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Re: file system with no gratuitous writes?
On 02.01.2011 22:42, Steven Bellovin wrote:
> I'm building a compact flash-based system for a Soekris box.
> I'd like to set it up so that there are no write operations that
> are not specifically initiated by the administrator. That is, if
> I modify a configuration file, of course that should be flushed to
> disk; however, I don't want writes at any other time, such as
> rewriting the superblock every 30 seconds. Is there some way I can
> do it?
> In an older instance of this system, the disk was mounted read-only;
> I'd mount it read-write to updated it, flush the buffer cache, then
> remount it read-only. On 5.0 and later, however (and as has been
> discussed ad nauseum), that is no longer supported. The next
> possibility is to have some way to mount the file system so there are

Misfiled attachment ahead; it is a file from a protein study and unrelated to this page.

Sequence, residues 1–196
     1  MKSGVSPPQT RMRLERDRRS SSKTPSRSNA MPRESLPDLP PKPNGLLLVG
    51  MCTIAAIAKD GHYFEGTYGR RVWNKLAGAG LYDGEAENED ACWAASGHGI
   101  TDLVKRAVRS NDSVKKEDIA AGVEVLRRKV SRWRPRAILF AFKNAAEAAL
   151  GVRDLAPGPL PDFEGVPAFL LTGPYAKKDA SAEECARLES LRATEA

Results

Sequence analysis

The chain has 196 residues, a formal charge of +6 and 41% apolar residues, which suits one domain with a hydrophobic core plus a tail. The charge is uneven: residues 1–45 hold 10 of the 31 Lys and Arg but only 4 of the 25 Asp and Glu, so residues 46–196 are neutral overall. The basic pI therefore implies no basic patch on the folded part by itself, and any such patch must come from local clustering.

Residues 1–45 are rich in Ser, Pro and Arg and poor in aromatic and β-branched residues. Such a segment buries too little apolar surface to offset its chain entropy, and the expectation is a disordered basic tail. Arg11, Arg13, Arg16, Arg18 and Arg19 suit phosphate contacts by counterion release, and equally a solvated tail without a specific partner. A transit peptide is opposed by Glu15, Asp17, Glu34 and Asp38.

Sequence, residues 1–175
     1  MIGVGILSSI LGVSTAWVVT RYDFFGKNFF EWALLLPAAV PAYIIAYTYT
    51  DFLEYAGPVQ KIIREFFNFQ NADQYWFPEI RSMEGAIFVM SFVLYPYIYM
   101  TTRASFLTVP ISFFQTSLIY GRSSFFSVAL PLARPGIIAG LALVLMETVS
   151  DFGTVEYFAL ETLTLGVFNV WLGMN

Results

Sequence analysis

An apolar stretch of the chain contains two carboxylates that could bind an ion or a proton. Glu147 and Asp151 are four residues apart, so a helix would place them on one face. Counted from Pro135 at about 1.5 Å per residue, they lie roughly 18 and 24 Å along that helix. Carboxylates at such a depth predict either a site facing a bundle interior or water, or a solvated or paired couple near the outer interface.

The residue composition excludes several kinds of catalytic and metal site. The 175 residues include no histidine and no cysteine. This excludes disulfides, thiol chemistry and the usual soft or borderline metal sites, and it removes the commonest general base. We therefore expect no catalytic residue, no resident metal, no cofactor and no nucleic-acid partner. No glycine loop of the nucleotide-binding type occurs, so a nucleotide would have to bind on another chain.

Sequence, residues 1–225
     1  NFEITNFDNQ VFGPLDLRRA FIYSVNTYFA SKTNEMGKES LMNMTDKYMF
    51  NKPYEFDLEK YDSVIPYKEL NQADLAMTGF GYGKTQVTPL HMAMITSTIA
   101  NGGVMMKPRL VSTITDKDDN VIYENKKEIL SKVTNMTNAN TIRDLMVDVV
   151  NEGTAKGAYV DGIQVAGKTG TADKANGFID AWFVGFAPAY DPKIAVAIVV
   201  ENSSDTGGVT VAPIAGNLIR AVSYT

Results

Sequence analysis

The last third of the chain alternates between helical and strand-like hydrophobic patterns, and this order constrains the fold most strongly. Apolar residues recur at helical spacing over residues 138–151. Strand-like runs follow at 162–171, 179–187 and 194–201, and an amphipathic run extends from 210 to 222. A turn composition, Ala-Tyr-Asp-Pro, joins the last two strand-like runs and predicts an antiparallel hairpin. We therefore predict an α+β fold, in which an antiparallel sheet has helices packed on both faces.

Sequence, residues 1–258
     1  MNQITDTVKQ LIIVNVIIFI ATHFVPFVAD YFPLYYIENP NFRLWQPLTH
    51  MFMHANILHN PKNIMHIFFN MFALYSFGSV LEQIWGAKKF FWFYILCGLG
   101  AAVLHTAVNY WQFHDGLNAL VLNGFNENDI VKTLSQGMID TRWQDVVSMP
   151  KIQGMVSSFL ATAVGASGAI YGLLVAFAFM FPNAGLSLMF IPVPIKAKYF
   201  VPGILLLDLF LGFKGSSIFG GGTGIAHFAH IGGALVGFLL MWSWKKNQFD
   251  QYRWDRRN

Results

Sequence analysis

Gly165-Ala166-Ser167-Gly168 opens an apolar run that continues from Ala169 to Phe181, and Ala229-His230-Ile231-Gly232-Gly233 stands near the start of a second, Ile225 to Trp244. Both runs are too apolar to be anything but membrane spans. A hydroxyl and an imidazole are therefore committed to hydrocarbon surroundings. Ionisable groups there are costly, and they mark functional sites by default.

> no such writes. Specifying noatime will certainly help -- but is that
> enough? (Log files and such use tmpfs, so they're not a problem.)
> I've also thought about mounting /var/db as a FAT file system -- would
> that do the trick? Any other suggestions?
Apart mounting /dev, /etc, and /var via mfs mounts (I use this for NFS
root read-only mounts, and works quite nicely), one possibility I can
think of (albeit very impractical) would be to select the file systems
you want to be "administratively writable at a specific time", mirror
them in hierarchy that you only know of, and mount_null it in the right
$ mount_null -o ro /null_mounts/usr/ /usr/
Makes it read only, but you can still modify the files if you do it via
/null_mounts, in case of updates.
Happy new year!
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